Community support services
Community services workers provide welfare and social assistance support. They work in areas like counselling, rehabilitation, or housing support, or services to families, children and youth, or refugees.
Common hazards and risks in community support services
- lifting, carrying, pushing and pulling objects
- slips, trips and falls
- transporting people and equipment in vehicles
- work-related stress
- occupational violence
- working alone
- bullying and harassment
Lifting, supporting and moving
In community services injuries can often come from lifting heavy objects, or a lot of bending, twisting or reaching. Tasks like these may involve hazardous manual handling, which can lead to musculoskeletal disorders like sprains and strains to the back and shoulders. See 'hazardous manual handling' for detailed information.
Health and safety in community support services
Our tools and guides can be used to assess and control the specific risks in your workplace.
Involving your employees in health and safety issues can result in a safer workplace. That's why consultation is an important part of risk management. In certain situations employers must consult about health and safety issues with employees and health and safety representatives (HSRs) if they have them. See 'consultation' for detailed information.
Risk management process
- Find the hazards in your workplace.
- Assess the risks associated with those hazards. You don’t have to do a formal risk assessment if there is already information about the risk and how to control it.
- Control the risks.
- Monitor and review your risk controls. Revise the controls if they are not working.
Think about all workplaces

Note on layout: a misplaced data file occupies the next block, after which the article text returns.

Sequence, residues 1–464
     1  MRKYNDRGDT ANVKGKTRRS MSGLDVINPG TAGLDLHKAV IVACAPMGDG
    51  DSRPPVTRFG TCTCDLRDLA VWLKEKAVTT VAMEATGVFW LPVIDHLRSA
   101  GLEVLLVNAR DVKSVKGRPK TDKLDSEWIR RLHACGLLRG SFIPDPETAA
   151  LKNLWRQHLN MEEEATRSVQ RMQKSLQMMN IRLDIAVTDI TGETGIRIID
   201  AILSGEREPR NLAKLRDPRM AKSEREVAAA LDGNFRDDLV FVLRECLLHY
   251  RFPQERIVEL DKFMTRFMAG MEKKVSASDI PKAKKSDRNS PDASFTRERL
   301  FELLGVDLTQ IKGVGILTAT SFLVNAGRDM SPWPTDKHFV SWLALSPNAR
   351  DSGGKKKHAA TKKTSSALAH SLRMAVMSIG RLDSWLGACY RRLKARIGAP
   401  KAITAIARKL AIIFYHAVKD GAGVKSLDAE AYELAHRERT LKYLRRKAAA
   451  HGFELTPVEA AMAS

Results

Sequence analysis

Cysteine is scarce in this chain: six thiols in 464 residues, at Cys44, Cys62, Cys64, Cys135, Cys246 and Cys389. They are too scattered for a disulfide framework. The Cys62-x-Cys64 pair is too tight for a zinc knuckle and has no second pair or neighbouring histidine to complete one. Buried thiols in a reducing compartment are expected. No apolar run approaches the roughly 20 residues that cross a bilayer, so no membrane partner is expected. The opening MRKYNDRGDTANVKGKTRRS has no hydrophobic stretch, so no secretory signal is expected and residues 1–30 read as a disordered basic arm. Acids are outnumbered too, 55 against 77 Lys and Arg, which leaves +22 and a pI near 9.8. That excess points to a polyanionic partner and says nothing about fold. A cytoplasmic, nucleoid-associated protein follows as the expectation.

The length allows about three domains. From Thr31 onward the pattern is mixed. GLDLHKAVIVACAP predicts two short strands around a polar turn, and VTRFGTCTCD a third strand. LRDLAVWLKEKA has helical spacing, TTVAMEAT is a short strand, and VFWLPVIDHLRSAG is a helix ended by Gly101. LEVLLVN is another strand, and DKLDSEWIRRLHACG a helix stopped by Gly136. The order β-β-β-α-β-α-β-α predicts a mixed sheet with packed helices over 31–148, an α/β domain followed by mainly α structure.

Managing risk applies to anywhere your employees are working. That may include in a program or service centre, a client’s home, or in vehicles or public places for activities and excursions.
Health and safety legal duties
Under Victorian occupational health and safety law, there are specific duties to ensure health and safety in workplaces. For more information about your duties, see occupational health and safety – your legal duties.
Examples of employer duties:
- For your employees, you must provide and maintain a working environment that is safe and free of risks to health, so far as is reasonably practicable. Employees may include contractors and agency staff.
- Give your employees the necessary information, instruction, training or supervision to enable them to do their work in a way that is safe and without risks to health.
- Ensure that the conduct of your business does not endanger other people (including volunteers, visitors and clients).
- Report notifiable incidents to WorkSafe.
Who’s an employer?
If you have one or more employees, you are an employer. An employer can be a:
- partnership, unincorporated association, franchising operation, or not-for-profit organisation
Who’s an employee?
You are an employee if you have a contract of employment or contract of training. Volunteers are not employees. Independent contractors may be employees.
Examples of employee duties:
- Take reasonable care for your health and safety in the workplace. You must also take reasonable care for the health and safety of others who may be affected by what you do or don’t do.
- Cooperate with your employer about any action they take to comply with the OHS Act or Regulations. For example, use equipment properly, follow safe work policies and procedures and attend training.
- Don’t intentionally or recklessly interfere with or misuse anything at the workplace to support health, safety and welfare.